Sitting With Messy Grief
The turbulence caused by losing a loved one causes those first long days of mourning to become foggy in memory, but the people who showed up stood up and rose up in the midst of life’s chaotic whirlwind stand out. As someone who has spent time cocooned in grief and blankets on the edge of a couch, I recall the faces that came in and out. When life’s and death’s sorrows pile up, our thoughts can easily become characterized by messy questions rather than solid faith.
It would be naive to believe that life can be lived without incident, though I might take that option if it were available. We are all witnesses to how quickly life can become layered and difficult. We have a choice in the midst of the trial stacking. Allow people to enter. Allow God (who already knows) to enter. Alternatively, leave the facade alone.
Messy Bereavement Holly Hawes’s In an age when friendships can be formed online, the ability to isolate ourselves from interactions with others grows. Our relationships frequently appear to be “fair weather” rather than “anchored.” When the water is rough, we need to know that solid ground is available. Who will be present? What is the truth?
God is not concerned about our mess. He pursues us wherever we are, whether it is because of sin or because of suffering. According to Psalm 34:18, “the Lord is near to the brokenhearted and saves the crushed in spirit.”
His proximity and presence aren’t just an afterthought; they permeate every nook and cranny of the story arc of time. People walked with God in the Garden of Eden from the beginning of time. The “with” was broken by sin, and a saviour was promised, one named “Immanuel” (which means “God with us”) in Matthew chapter 1.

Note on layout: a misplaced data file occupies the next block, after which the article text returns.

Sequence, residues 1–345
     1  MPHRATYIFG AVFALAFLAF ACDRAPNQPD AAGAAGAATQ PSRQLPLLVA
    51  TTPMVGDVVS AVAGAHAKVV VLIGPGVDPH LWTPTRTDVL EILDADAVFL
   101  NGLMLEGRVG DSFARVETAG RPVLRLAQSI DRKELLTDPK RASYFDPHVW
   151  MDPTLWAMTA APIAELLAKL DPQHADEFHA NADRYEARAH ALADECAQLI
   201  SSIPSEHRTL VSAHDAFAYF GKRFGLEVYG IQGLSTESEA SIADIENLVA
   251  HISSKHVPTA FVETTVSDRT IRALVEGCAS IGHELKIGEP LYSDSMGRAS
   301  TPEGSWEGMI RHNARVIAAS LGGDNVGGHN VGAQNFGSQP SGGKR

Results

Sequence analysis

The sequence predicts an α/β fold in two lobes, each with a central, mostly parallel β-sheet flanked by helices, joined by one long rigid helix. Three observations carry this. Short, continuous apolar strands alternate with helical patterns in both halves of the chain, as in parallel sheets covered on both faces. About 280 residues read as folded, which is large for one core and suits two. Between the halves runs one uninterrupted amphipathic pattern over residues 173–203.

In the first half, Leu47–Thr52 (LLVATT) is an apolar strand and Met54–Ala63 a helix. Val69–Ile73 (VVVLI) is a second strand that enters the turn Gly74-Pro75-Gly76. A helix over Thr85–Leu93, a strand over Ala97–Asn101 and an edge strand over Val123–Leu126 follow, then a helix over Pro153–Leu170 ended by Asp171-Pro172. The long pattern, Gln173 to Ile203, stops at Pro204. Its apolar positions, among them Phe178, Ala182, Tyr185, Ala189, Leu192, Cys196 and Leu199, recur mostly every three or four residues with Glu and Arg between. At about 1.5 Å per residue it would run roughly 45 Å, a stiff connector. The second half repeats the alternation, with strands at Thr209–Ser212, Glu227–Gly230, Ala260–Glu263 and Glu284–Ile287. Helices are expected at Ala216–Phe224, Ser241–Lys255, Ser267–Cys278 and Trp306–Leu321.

Not God, who is looking on from afar. We have God with us.
In what I’ve come to call witness, there’s a lot of room for a holy community.
Identifying with another person and sticking by their side during a storm. Being with them regardless of how difficult or messy it becomes. See also, unwavering love.
This cosmic witness is referred to as incarnation. God taking on human form and identifying with us. Jesus did not flee the shambles. Loneliness, disappointment, loss, rocky friendships, and betrayal were all experiences he had.
He can deal with our questions and days that appear bold, broken, and dark. Instead of pushing him away, Mess draws closer. He appears.
“I will rejoice and be glad in your steadfast love because you have seen my affliction; you have known the distress of my soul,” says Psalm 31:7.
We must remove the masks, masks, and pretences and be comforted by how God sees us. He is aware. Immanuel is full of mercy and unfailing love.
It is less important who is with us and who we are with. We have the opportunity to show the world God’s goodness. While acting as Jesus’ hands and feet may sound cliche, we often overlook what an honour it is. Until God’s dwelling is with us in glory, the people of God go to offer presence to others through the power of His spirit.
Holly Hawes’s Messy Bereavement There are numerous impediments to simply slowing down to be with others, especially during times of grief or loss. We get caught up in our own busy lives and fail to notice how they wither and withdraw day by day. We’re not sure if we should bring up their suffering, so we don’t. We put on the mask for them, pretending not to notice that their lives have been shattered, but we don’t always need to force discussion when we know how to be with them. “I’m here to talk if you want to, but I’m also here to be,” we can say. You are not alone; simply let me know what you require. I also brought chocolate, blankets, coffee, movies, and other goodies.”
It meant a lot to me when someone cared in the midst of a mess with truth, not platitudes. It was important that love was translated into action: the friend who brought flowers, another who fed us, and the one who took over my dirty dishes in the sink. Despite the fact that the world was spinning, God came, and He sent his people to be with me when I had nothing to offer.
I was full of doubt when the mess of despair filled me and threatened to overflow. Others’ presence reminded me that God had not abandoned me. He had not abandoned me. He was in pain, but He was still sweet. He was present in the present moment, as well as with the one who was no longer with me.